Investors Scrutinizing the Regulators

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Investment watchdog finds 'inadequacies' in ABCP sales

John Greenwood
Friday, October 17, 2008

TORONTO -- There was so much confusion among Canadian investment dealers about the true nature of asset backed commercial paper that many couldn't say how much of the product they held when the market froze up last year, according to the industry's self-regulatory body.

In a report released on Friday, the Investment Industry Regulatory Organization of Canada said one of the "greatest challenges" it faced when it launched a fact-finding initiative into the market failure was figuring out who was exposed, because some dealers did not distinguish the third-party ABCP that seized up from conventional debt instruments such as plain vanilla commercial paper. In fact, the stalled ABCP was backed by risky credit derivatives, some linked to subprime mortgages.

Further, IIROC said it found "inadequacies" in the dealers' due diligence of the product category.

The report, issued more than a year after the $35-billion market for third-party ABCP fell apart, makes a number of recommendations, mostly focusing on the need for dealers to understand investment products before they sell them.

"Dealer members must have a product due diligence process that takes into account the nature of the product and the target investors," the report says.

Brokers should also ensure that they understand the needs of their clients and that the products they introduce them to are suitable.

Another recommendation is that dealers should ensure greater transparency in products they are involved in.

The lion's share of the frozen ABCP was sold to institutions, however about $372-million ended up in the hands of retail investors, most of who relied on their brokers for advice about the product.

Many firms that sold the notes relied on ratings issued by DBRS, the only rating agency willing to offer an opinion on third party ABCP.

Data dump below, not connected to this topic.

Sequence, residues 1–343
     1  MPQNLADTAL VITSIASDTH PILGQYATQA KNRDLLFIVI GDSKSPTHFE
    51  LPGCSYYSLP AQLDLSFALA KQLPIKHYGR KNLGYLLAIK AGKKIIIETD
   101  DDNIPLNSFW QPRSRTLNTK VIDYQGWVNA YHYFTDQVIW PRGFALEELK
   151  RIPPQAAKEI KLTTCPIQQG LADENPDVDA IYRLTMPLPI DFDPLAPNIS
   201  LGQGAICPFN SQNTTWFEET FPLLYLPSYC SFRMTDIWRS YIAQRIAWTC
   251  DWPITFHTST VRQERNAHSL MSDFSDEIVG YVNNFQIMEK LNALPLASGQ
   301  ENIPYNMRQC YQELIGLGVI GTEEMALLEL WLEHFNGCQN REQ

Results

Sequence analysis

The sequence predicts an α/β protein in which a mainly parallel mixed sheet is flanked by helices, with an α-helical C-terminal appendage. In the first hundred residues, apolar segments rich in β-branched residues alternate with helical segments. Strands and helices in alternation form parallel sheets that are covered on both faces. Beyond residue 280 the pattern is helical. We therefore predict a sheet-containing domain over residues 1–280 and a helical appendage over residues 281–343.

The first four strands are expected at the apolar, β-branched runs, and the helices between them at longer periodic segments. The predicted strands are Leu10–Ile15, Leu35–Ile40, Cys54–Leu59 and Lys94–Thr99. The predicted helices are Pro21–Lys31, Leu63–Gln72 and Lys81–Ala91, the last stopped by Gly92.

IIROC recommends that brokers should conduct their own assessments of the products they sell.

According to the report, 26 IIROC member firms were involved in the third-party ABCP market, including 13 that sold it to retail clients. Most of them bought the paper back from individuals shortly after the freeze-up in August 2007, but a handful -- including Canaccord Capital Corp. and Credential Securities -- did not. Both have agreed to repurchase the notes they sold following a proposed restructuring of the market.

"What we have tried to do [with this report] is not point fingers or blame people," said IIROC chief executive Susan Wolburgh Jennah, "What's we've tried to do is take a look at a very difficult situation and understand what lessons can be learned... We tried to do what I consider to be the right thing here, which is to look at the issues, to understand what happened and to make constructive recommendations" so this doesn't happen again.

Backers of a proposed restructuring have said they expect the process to be complete by the end of this month.

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